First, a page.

inspiration, reading
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Calm Things

Calm Things, Shawna Lemay

[T]he goal is to create a world, a window, a threshold. The goal is to get at something real, pared down, honest, to make a connection, a place in which souls can meet. To make something honest, I have learned, create an illusion.
Calm Things by Shawna Lemay

For the past six months my evening routine has been made a million times more wonderful by a nightly visit to the poet Shawna Lemay’s blog, Calm Things. I find that transition hard, the shift from nagging about tooth brushing, changing the littlest one, warming milk and singing songs, to being alone for an hour before B gets home. There’s so much action, so much adrenalin, & often more than a little frustration in that last half an hour of my day with children.

Frustration that someone won’t put their pyjamas on, or someone else has forgotten that they need to practice the clarinet, or someone else has lost the special toy they can’t sleep without. And then someone is calling me back because they’re thirsty & someone needs a tissue & someone realises that they’ve left their book downstairs. And on & on it goes, until — so suddenly! — it’s over, and I’m tired, and there are a thousand things I should do, or could do, but nothing that I want to do. This is where Shawna rescues me.


Calm Things is also the title essay of Shawna Lemay’s collection on still life painting. In eight fluid mediations she takes us behind the scenes of her suburban life, into the world of painting and writing that she, her artist husband, and their small daughter inhabit. There’s such pleasure in this exploration of the quiddity of things, the precarious balance of an artist’s life, and the persistence and stillness necessary to see art in the quotidian.

There’s beauty in these essays and balance, and a depth of inhabitation with the questions Lemay returns to — these questions of what it’s like to live with still life, what it’s like to live poetically, are clearly things that she has attended to long and hard. References to writers, to painters, to works of art, are shot through the essays — trails of golden thread to be followed. And Lemay is great on the small details — the quest for unusual, imperfect flowers and fruit to paint, the long photographic sessions her husband sets up to record the tableaux he will later paint, the two days of drawing with pencil that will be covered up with oil paint, the secret threads & pieces of tape that hold the elements of the still life in position.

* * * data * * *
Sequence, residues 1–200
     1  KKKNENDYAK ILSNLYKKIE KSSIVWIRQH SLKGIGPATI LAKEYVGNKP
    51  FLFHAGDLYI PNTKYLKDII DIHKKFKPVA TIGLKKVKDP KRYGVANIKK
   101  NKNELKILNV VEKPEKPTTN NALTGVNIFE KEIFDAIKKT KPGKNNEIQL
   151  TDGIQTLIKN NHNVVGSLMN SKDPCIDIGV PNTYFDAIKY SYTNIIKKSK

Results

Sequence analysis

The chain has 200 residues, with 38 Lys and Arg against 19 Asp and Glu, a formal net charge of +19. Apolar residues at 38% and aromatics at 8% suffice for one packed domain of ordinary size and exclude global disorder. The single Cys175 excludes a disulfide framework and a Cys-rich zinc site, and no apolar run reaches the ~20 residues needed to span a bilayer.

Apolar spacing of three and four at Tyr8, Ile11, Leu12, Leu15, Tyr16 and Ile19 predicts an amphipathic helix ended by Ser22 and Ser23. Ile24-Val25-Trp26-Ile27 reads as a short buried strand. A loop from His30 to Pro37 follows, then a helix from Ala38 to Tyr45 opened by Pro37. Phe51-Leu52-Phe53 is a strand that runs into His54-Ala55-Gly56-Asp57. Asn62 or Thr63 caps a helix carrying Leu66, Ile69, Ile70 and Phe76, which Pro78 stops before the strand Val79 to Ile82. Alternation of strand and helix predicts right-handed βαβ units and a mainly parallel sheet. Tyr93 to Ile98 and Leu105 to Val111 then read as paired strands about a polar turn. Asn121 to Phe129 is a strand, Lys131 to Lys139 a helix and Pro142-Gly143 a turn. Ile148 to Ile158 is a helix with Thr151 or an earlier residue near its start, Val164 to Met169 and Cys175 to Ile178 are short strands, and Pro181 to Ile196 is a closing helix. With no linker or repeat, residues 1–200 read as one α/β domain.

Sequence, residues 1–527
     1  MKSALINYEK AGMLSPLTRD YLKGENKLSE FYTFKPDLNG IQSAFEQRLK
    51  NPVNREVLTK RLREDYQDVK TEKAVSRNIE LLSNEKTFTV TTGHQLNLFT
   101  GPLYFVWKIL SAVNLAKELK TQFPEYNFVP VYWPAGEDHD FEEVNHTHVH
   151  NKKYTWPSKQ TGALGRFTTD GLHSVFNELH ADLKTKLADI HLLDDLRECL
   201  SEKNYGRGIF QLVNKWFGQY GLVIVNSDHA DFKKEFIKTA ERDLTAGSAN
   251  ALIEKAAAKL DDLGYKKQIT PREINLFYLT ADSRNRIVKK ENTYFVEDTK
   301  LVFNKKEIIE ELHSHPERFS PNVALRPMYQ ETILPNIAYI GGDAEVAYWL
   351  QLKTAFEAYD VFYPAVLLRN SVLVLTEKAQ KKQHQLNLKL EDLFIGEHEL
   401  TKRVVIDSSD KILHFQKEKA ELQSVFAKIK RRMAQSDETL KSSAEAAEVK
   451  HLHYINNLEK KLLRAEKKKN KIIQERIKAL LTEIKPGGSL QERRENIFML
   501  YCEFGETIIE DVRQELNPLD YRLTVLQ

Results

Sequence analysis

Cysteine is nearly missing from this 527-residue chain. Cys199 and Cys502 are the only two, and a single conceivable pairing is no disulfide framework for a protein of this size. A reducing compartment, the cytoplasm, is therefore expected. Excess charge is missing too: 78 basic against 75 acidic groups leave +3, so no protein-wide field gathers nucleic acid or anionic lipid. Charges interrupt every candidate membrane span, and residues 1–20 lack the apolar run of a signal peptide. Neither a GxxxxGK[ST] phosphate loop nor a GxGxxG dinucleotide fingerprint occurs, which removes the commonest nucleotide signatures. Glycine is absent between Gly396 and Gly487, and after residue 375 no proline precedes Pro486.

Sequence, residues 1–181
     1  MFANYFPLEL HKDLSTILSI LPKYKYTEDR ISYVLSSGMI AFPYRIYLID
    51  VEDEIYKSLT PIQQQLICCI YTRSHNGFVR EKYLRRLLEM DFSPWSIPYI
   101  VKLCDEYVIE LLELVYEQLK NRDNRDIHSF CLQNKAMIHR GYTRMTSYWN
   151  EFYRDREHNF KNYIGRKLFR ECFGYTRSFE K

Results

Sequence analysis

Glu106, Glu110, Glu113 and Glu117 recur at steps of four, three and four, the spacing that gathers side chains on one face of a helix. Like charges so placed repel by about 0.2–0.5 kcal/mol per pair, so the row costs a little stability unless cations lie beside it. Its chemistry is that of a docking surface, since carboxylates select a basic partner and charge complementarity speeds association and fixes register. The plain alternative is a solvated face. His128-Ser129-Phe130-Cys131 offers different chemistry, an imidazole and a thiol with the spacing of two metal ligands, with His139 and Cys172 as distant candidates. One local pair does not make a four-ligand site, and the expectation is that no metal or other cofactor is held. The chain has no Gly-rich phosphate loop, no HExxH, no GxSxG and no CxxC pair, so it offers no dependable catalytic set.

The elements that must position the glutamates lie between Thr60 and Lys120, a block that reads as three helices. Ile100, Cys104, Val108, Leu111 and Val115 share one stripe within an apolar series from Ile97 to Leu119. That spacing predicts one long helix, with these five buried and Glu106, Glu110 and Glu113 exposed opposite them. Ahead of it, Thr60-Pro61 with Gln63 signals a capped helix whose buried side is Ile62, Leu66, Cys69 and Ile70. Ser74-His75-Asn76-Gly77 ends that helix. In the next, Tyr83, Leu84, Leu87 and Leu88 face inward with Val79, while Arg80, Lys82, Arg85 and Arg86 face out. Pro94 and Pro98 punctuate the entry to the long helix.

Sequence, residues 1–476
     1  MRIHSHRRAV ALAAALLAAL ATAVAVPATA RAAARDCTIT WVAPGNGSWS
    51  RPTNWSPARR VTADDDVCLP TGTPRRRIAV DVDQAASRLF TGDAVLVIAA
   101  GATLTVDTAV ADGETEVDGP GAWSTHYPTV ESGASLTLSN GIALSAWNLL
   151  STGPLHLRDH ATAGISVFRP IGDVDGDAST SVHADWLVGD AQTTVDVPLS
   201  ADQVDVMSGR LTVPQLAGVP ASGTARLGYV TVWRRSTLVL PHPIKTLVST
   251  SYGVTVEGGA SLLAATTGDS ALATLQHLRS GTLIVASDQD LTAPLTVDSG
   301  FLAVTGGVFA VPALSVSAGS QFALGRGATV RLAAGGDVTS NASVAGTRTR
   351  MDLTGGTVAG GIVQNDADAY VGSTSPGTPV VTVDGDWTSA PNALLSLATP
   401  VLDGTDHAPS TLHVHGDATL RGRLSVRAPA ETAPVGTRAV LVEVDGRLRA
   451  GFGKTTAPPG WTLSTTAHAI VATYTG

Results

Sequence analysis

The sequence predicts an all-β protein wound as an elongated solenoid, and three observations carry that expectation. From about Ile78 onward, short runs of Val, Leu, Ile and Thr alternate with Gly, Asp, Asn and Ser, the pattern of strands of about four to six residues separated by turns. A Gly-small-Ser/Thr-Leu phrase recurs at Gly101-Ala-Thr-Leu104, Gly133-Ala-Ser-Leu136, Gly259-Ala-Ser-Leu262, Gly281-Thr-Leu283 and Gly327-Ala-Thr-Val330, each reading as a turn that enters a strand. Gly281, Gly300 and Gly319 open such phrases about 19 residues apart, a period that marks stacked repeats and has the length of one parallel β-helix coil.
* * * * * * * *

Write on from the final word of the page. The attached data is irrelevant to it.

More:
I also enjoyed the strange, dislocating doubleness of having come to Shawna first through her blog. Because I believe that a blog too can be a work of art, a commitment to a way of seeing, a way of living. And in this work of art, through Shawna’s photography and words, I have already come to know her ‘bower’ of a garden; the Tibetan bells a friend gave to her; her daughter Chloe, no longer five, but sixteen and beautiful, with hair the pink of candy floss. I found a strange comfort in this knowledge; despite the precariousness, despite the financial uncertainty, the way of life, the art of living she describes has endured.

Why is it so hard to write about the experience of reading something? To capture its texture and the way the language makes you feel? I want to tell you how Calm Things slowed me, and calmed me, and made me feel like I was being taken into someone’s confidence, shown the secret life behind the suburban normality. I want to tell you how Calm Things is beautiful at the level of each individual paragraph, how you can take a paragraph at random and enjoy it for itself alone.